Background: Transcranial magnetic stimulation (TMS) is an efficacious, well-tolerated, noninvasive brain stimulation treatment for major depressive disorder. Electroconvulsive therapy (ECT) is an effective maintenance treatment for depression but is not tolerated by some patients and declined by others.
Objective: We evaluated the effectiveness of TMS as a substitution strategy for successful maintenance ECT.
Methods: A consecutive clinical case series (n = 6) of maintenance ECT patients were transitioned to maintenance TMS because of adverse effects from ECT or because of specific patient request and preference. Patients were in either full remission or had clinical response to ECT at the time of transition. Primary outcome was the change in the Beck Depression Inventory (BDI) score from initiation of TMS maintenance sessions to the last observation time point. Relapse of depressive symptoms was also documented.
Results: Mean age of patients was 64 years, and most were female (n = 5). The majority (5 of 6) were diagnosed with major depressive disorder. Reasons for transition from ECT to TMS were, in order of frequency, cognitive adverse effects, fear of general anesthesia, time burden, lack of remission with ECT, and stigma associated with ECT. The mean frequency of TMS sessions was 1 every 3.5 weeks. Based on BDI scores, all patients maintained or improved their clinical status achieved with ECT at 3 and 6 months of TMS treatment. At last observation (range, 7–23 months), 4 patients maintained or improved their clinical status (total BDI score remained constant or decreased by 1–8 points). Two patients had a relapse after 8 and 9 months. Stimulation was well tolerated with adverse effects limited to headache and scalp discomfort.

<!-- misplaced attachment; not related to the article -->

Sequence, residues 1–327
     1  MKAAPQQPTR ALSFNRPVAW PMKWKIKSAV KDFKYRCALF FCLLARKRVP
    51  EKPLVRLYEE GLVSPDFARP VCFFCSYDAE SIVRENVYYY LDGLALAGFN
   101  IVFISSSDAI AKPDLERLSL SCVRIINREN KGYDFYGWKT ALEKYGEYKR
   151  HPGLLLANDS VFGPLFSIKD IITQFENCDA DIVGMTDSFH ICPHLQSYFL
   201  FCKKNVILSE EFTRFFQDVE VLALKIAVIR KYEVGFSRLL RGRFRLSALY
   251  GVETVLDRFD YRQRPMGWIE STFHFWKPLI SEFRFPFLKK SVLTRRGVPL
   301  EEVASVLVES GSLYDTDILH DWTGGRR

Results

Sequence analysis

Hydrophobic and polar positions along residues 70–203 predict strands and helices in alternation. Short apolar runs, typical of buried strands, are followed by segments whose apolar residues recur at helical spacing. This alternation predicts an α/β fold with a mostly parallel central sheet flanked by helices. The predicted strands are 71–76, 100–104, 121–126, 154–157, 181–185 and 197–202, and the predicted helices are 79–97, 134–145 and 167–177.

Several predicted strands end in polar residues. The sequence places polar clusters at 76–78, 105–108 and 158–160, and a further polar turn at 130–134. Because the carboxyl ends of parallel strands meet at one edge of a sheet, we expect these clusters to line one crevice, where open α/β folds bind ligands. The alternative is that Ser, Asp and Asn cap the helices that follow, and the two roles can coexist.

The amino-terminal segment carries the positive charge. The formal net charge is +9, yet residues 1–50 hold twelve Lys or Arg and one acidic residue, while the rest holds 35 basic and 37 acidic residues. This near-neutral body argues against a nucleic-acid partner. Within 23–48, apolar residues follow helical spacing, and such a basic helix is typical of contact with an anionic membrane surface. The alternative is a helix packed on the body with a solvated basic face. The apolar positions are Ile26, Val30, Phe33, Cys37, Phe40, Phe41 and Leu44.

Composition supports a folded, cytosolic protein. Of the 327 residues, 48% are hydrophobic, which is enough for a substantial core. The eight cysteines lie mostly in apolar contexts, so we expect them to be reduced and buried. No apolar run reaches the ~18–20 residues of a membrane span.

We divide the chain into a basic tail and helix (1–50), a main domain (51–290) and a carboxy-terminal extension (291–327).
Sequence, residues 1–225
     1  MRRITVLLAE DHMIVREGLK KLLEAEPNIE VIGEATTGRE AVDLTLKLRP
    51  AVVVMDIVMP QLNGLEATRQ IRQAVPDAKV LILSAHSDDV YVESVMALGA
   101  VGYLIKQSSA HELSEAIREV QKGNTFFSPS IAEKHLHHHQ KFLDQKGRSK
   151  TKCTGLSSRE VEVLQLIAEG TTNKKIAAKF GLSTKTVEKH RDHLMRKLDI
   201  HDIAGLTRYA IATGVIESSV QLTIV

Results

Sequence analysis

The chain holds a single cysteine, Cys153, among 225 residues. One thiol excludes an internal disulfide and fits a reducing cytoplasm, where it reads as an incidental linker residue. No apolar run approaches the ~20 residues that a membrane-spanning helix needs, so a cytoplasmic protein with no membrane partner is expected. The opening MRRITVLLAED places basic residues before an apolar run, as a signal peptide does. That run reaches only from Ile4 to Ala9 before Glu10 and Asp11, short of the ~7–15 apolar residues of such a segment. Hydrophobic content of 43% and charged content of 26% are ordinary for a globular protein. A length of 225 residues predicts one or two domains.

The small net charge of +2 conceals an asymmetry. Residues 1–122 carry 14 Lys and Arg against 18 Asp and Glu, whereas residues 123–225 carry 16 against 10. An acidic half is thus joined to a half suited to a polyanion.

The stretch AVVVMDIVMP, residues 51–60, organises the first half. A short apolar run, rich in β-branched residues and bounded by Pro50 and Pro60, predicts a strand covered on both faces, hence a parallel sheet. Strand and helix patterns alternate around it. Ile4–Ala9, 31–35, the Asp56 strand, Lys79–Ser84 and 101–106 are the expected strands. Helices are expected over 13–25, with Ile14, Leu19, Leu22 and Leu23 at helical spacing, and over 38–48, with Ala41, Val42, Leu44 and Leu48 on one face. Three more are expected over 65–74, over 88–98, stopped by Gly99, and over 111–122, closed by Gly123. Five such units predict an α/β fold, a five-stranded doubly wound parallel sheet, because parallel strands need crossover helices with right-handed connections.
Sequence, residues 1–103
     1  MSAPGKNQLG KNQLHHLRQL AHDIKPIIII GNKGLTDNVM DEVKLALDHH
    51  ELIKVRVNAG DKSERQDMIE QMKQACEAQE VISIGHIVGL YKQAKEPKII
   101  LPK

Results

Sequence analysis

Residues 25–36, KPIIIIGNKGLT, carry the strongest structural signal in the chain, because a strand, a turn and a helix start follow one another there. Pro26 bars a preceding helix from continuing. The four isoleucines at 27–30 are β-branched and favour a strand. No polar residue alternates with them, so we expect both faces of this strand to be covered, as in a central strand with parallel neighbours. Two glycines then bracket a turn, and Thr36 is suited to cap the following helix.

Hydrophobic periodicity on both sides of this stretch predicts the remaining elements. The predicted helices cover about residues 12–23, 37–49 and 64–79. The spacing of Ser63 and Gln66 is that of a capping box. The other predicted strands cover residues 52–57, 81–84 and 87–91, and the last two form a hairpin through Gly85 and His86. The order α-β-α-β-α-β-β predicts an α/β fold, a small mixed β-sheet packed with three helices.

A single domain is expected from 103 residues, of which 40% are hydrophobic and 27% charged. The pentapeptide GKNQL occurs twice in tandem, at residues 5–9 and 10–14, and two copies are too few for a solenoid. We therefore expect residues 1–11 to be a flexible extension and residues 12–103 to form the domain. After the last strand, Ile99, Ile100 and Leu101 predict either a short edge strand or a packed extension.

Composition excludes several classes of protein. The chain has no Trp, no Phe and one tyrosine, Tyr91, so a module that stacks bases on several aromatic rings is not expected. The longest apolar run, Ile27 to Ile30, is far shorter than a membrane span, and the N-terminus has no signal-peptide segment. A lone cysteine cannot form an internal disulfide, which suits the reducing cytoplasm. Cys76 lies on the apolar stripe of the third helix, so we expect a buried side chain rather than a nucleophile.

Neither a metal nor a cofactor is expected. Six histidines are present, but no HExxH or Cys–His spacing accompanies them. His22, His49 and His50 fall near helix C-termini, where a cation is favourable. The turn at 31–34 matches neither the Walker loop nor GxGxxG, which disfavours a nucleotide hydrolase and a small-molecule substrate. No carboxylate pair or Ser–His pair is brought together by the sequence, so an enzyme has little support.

Conclusions: In this case series, TMS was effective and safe when used as a substitution strategy for successful maintenance ECT.
From the *Department of Psychiatry, University of Pennsylvania School of Medicine, Philadelphia, PA; †Center for Mood Disorders & Neuromodulation Therapies, Department of Psychiatry, University of Medicine and Dentistry of New Jersey School of Osteopathic Medicine, Stratford, NJ; ‡VISN 4 MIRECC, Philadelphia Veterans Affairs Medical Center, Philadelphia, PA; and §Department of Psychiatry, Washington University, St Louis, MO.
Received for publication June 2, 2012; accepted October 22, 2012.
Reprints: Mario A. Cristancho, MD, Suite 2087, 3535 Market St, Philadelphia, PA 19104 (e-mail: email@example.com).
Dr Cristancho is supported through the National Institute of Mental Health–funded Clinical Research Scholars Program of the Department of Psychiatry, University of Pennsylvania.